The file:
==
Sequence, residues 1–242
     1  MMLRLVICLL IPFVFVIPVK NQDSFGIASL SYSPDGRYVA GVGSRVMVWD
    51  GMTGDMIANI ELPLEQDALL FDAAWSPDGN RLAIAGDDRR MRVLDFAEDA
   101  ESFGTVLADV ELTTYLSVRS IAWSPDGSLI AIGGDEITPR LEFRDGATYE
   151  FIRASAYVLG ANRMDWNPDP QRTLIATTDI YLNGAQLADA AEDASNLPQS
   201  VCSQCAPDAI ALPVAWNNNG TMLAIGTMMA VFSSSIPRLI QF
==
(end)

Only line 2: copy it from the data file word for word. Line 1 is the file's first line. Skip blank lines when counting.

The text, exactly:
     1  MMLRLVICLL IPFVFVIPVK NQDSFGIASL SYSPDGRYVA GVGSRVMVWD